Chiricahua Formations: The Heart of Rocks

Camel's Head, one of the formations on the Heart of Rocks Loop Trail, Chiricahua National Monument, Arizona

Camel’s Head, one of the formations on the Heart of Rocks Loop Trail

In my last post I talked about hiking to the Big Balanced Rock in Chiricahua National Monument.  If you like the Big Balanced Rock, you’ll absolutely love a trail that starts only yards from that rock formation: the Heart of Rocks Loop Trail.  Only 1.1 miles long (which will up your mileage to at least 9.3 miles), there are more amazing formations, awesome views, and incredible rocks in that single mile than in the rest of what you’ll see in the rest of Chiricahua’s trails.  Because it’s not very long (but so fascinating), I thought I’d make this more of a picture-post than normal…so…enjoy the pictures!

 


 

The Heart of Rocks trail junction is just beyond the Big Balanced Rock.  Turn down this; after about 0.1 miles the trail comes to a Y junction.  Since the trail is a loop, you can go either right or left.  I’ve always gone left; I think this offers some of the best views of the formations, so I’ll describe the loop as though you’re walking it clockwise.

 

The Heart of Rocks Trail quickly descends into a wooded section.  The first formation you’ll come to is Pinnacle Rock, a slightly taller version of the Big Balancing Rock:

 

Pinnacle Rock, Heart of Rocks Loop Trail, Chiricahua National Monument, Arizona

Pinnacle Rock

 

It’s not exciting compared to others on the loop, but it’s a nice introduction to say, “You’ve arrived!!”

 

The trail then squeezes through a narrow set of rocks, which requires a little scrambling.  It’s not difficult; just an obstacle to be overcome.  Coming through this narrow place, The Old Maid appears:

 

The Old Maid, Heart of Rocks Loop Trail, Chiricahua National Monument, Arizona

The Old Maid

And soon afterward, The Camel’s Head:

 

The Camel's Head, Heart of Rocks Loop Trail, Chiricahua National Monument, Arizona

The Camel’s Head

Looking back at The Old Maid:

 

Looking back at the Old Maid, Heart of Rocks Loop Trail, Chiricahua National Monument, Arizona

Looking back at the Old Maid

Then Thor’s Hammer:

 

Thor's Hammer, Heart of Rocks Loop Trail, Chiricahua National Monument, Arizona

Thor’s Hammer

All of these have been marked with very nice signs.  However, some rocks looked to us like physical objects.  Like, after passing through a second passageway in the rocks (no scrambling required this time), we discovered a formation that looks a lot like an Egyptian Pharaoh:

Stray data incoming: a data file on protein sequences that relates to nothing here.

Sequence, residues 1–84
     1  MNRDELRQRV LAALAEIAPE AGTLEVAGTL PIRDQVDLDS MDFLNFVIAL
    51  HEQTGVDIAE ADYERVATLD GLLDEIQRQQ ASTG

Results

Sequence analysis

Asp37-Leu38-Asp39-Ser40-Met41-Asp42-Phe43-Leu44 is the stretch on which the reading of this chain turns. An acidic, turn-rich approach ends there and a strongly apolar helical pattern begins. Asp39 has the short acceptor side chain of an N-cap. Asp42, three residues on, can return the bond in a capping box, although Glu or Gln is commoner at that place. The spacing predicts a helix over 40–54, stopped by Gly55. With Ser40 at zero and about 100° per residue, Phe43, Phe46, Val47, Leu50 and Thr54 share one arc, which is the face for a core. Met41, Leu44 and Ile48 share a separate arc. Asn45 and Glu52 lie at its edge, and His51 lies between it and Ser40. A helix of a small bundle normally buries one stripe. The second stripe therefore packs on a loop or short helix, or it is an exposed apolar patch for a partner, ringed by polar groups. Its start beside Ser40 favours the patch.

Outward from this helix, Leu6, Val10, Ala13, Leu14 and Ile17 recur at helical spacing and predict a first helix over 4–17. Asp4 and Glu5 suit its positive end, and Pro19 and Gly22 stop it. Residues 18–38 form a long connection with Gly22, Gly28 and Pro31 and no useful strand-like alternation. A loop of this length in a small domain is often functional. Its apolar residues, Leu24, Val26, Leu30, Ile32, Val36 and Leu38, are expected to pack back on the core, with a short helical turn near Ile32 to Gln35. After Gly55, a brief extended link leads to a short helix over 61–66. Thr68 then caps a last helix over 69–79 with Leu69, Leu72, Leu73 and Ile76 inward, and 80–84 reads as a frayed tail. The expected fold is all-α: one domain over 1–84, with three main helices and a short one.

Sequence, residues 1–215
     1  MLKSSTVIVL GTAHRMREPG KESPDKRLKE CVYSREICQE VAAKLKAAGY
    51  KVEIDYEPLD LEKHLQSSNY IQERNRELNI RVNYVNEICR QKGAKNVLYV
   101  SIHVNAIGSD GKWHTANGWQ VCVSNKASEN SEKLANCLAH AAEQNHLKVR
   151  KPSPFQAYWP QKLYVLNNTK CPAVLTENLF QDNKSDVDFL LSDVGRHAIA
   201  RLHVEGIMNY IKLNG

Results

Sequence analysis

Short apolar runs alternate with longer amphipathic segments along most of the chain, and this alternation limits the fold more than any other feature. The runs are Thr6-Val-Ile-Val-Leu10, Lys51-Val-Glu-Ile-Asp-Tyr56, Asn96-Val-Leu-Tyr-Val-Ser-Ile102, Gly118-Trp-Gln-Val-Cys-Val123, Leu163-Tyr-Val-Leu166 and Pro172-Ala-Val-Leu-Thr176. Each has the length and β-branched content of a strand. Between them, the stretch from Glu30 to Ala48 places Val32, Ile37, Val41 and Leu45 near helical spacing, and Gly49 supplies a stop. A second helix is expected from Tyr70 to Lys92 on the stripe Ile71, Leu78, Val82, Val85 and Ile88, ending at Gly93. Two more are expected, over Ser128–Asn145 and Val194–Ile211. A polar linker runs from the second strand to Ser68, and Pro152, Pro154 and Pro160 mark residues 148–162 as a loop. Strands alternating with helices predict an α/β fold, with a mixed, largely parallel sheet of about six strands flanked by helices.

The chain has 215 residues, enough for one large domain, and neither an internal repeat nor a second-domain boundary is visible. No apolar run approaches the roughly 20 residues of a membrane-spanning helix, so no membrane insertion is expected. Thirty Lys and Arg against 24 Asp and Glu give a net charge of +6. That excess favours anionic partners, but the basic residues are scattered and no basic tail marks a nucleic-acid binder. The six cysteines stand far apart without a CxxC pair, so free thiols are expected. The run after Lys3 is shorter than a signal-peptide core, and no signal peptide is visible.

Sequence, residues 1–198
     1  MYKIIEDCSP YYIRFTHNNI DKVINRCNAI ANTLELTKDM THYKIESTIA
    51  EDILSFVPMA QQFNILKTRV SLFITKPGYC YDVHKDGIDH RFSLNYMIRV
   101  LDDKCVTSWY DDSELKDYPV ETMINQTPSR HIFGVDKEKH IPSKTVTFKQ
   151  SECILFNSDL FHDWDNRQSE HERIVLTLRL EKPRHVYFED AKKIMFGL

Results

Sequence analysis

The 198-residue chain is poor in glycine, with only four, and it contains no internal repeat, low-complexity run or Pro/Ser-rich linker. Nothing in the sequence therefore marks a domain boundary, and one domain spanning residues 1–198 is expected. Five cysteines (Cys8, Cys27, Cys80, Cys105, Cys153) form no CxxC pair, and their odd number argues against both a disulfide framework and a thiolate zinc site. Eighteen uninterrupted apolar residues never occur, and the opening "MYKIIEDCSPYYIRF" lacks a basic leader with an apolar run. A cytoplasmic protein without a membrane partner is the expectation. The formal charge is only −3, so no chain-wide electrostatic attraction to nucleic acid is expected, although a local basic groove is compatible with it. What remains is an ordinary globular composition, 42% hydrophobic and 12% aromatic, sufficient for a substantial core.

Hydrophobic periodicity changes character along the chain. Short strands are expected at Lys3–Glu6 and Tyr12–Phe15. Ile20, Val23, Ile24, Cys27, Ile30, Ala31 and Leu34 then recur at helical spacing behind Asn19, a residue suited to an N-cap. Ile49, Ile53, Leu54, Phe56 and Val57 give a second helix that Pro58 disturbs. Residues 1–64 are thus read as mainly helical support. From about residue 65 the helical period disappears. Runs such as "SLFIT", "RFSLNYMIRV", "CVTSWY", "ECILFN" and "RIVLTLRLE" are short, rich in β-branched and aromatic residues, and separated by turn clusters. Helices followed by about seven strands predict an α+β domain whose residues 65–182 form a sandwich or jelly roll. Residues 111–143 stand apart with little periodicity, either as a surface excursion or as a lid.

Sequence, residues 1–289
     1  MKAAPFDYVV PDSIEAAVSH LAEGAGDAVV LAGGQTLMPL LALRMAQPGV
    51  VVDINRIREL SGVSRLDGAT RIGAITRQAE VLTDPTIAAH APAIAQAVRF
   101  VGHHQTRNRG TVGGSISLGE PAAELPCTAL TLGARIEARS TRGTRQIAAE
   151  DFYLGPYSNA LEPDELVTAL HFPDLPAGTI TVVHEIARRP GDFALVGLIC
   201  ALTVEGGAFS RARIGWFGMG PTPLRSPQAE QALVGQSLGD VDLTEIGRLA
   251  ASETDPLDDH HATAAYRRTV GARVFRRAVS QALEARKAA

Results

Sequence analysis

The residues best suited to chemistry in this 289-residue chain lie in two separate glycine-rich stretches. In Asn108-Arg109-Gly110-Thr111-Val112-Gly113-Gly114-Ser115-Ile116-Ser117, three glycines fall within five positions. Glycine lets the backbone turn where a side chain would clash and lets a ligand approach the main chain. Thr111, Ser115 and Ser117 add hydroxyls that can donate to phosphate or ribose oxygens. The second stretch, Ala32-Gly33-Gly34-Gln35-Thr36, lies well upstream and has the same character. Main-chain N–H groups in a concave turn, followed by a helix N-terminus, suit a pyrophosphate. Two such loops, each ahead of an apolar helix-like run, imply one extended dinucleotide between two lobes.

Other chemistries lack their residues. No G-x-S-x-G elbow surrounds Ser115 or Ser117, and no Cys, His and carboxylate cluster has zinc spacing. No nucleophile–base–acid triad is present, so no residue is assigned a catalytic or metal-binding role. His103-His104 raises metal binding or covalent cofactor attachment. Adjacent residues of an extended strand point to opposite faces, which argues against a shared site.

The Pharaoh, Heart of Rocks Loop Trail, Chiricahua National Monument, Arizona

The Pharaoh

Or some very realistic looking Camels:

 

Camels, Heart of Rocks Loop Trail, Chiricahua National Monument, Arizona

Camels (see the hump?)

Continuing around the loop, you can look out over the Heart of the Rocks area…I call it a “Fun View” because there are so many interesting rock formations that look like everything from a space alien to a turtle:

 

“Fun View” over the Heart of Rocks area

The next named rock formation is Punch and Judy, so titled because it looks like two people looking at each other:

 

Punch and Judy, Heart of Rocks Loop Trail, Chiricahua National Monument, Arizona

Punch and Judy

As the trail rises to top a hill, there are some nice views across the valley full of rock formations, such as this one:

 

Nice view from the Heart of Rocks Trail, Chiricahua National Monument, Arizona

Nice view

The next formation is a really cool one…Duck on a Rock:

 

Duck on a Rock, Heart of Rocks Loop Trail, Chiricahua National Monument, Arizona

Duck on a Rock

Another unnamed formation, as you round a corner, is the Fire Chief:

 

The Fire Chief, Heart of Rocks Loop Trail, Chiricahua National Monument, Arizona

The Fire Chief

The last of the named formations are the Kissing Rocks.  I guess this one got its name because the two rocks are leaning against each other:

 

Kissing Rocks, Heart of Rocks Loop Trail, Chiricahua National Monument, Arizona

Kissing Rocks

But one more view awaits those with good imaginations.  Looking across the Heart of Rocks area, there are many rocks with lichen on them.  One of these has lichen in the general pattern of the Mona Lisa…really!

 

A Mona Lisa in Lichen, Heart of Rocks Loop Trail, Chiricahua National Monument, Arizona

The “Mona Lisa”

The trail dips into the woods, then, quite suddenly, you’re back at the Y junction.  Turn left to return to the Big Balancing Rock Trail Junction…and be on the lookout for next week’s post about the Sarah Deming Trail and Upper Rhyolite Trails (which will begin to take you back up to your vehicle)!